Memory Alpha comes to the rescue:
The following character biography appeared in Roddenberry's original,
1964 series pitch Star Trek is... (and was reprinted in The Making of
"The First Lieutenant. The Captain's right-hand man, the working-level
commander of all the ship's functions – ranging from manning the
bridge to supervising the lowliest scrub detail. His name is Mr.
Spock. And the first view of him can be almost frightening – a face so
heavy-lidded and satanic you might almost expect him to have a forked
tail. Probably half Martian, he has a slightly reddish complexion and
semi-pointed ears. But strangely – Mr. Spock's quiet temperament is in
dramatic contrast to his satanic look. Of all the crew aboard, he is
the nearest to Captain April's equal, physically, emotionally, and as
a commander of men. His primary weakness is an almost catlike
curiosity over anything the slightest 'alien.'"
Note that there is nothing here mentioned about Spock being logical; here he doesn't restrict his emotions
The second revised
final draft script of "The Cage" described Spock by stating, "The only
exception to the familiar types represented by the crew, Mister Spock
is of partly alien extraction, his heavy-lidded eyes and slightly
pointed ears give him an almost satanic look. But in complete contrast
is his unusual gentle manner and tone." The script went on to say that
he spoke "with the almost British accent of one who has learned the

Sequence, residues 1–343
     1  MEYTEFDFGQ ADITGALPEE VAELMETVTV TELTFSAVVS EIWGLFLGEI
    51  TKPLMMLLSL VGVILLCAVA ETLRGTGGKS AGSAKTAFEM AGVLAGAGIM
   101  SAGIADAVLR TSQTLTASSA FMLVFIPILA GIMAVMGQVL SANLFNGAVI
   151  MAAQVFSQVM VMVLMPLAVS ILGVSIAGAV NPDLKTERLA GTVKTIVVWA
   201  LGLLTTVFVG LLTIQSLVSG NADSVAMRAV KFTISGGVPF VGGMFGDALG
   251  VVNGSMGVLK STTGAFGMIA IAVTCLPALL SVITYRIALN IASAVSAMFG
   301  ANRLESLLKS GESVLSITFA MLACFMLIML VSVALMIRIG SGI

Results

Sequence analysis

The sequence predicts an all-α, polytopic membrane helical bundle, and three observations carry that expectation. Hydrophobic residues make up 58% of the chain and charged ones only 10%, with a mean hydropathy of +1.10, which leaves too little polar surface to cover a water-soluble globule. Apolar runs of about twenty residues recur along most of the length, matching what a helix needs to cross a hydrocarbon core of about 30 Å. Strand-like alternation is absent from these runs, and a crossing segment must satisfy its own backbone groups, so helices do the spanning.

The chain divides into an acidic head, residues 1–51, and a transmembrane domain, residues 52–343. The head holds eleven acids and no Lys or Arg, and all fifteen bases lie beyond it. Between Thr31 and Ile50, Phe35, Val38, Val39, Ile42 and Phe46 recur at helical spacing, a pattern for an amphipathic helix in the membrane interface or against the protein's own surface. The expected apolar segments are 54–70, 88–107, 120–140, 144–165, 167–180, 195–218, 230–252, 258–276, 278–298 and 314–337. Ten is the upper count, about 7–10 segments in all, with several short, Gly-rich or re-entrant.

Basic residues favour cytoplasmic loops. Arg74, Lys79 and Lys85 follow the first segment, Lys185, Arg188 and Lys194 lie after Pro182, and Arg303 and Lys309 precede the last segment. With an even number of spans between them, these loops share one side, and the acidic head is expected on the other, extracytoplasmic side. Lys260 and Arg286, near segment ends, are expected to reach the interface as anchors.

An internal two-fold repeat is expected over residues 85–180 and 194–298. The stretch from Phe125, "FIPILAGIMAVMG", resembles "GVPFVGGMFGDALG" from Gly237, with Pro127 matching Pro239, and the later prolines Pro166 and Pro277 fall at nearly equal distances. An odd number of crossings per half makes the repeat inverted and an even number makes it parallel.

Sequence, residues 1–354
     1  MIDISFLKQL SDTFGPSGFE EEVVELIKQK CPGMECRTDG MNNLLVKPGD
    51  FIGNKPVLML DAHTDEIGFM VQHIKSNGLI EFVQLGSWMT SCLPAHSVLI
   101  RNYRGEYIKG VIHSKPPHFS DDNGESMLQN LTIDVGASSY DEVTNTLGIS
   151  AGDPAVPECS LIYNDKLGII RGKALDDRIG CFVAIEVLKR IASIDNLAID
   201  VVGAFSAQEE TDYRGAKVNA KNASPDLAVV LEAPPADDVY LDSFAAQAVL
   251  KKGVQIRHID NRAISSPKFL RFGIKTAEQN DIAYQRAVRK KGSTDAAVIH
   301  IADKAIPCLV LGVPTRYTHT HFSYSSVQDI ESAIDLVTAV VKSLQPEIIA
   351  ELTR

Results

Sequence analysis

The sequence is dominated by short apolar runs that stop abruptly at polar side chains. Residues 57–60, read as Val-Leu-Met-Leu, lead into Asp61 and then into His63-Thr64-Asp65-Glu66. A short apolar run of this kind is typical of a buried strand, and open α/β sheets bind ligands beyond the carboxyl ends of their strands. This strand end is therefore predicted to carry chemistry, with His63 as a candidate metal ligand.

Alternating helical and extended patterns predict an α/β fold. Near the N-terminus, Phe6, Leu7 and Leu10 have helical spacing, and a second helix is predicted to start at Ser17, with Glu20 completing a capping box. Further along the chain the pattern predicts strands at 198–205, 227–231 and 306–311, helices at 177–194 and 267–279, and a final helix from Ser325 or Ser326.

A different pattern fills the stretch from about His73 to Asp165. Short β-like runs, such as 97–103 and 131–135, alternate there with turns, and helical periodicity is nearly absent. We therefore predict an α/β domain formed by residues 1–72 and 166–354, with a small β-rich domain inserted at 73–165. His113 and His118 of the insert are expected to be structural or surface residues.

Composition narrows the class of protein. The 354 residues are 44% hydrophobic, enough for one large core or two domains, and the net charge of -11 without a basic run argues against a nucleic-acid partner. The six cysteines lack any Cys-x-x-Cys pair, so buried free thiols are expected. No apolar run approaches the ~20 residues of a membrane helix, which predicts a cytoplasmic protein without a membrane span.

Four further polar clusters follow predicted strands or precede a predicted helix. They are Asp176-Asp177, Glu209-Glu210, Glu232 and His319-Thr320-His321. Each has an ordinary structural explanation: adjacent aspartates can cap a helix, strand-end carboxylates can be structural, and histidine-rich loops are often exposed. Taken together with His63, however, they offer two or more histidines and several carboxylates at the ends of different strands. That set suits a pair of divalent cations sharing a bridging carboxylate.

language in textbooks." Later in the script, one of Spock's statements
was directed to be delivered in an "excited" manner.
So, Spock was still not logical; he was in fact less emotionally regulated!
The below quote though tells us why Spock became more emotionally regulated:
According to casting director Joseph D'Agosta, it was his
recommendation that the role be played unemotionally. "On the Spock
character, the only guidelines I had were that he had to be thin, and
a good actor with no emotion," D'Agosta stated. "He was a cold,
calculating, logical person. Humor was not even considered at that
time." (The Star Trek Interview Book, p. 213) According to Leonard
Nimoy, he felt the need to play the character as more emotional when
Jeffrey Hunter was playing the internalized Christopher Pike, as
opposed to William Shatner's portrayal of Captain Kirk. (Mind Meld:
Secrets Behind the Voyage of a Lifetime; et al.)
We can gather from this the why, and that the 'when' was when Shatner was cast as the point when Spock actually became more logical.
We know from that same article that by 17 April 1967 Spock was logical.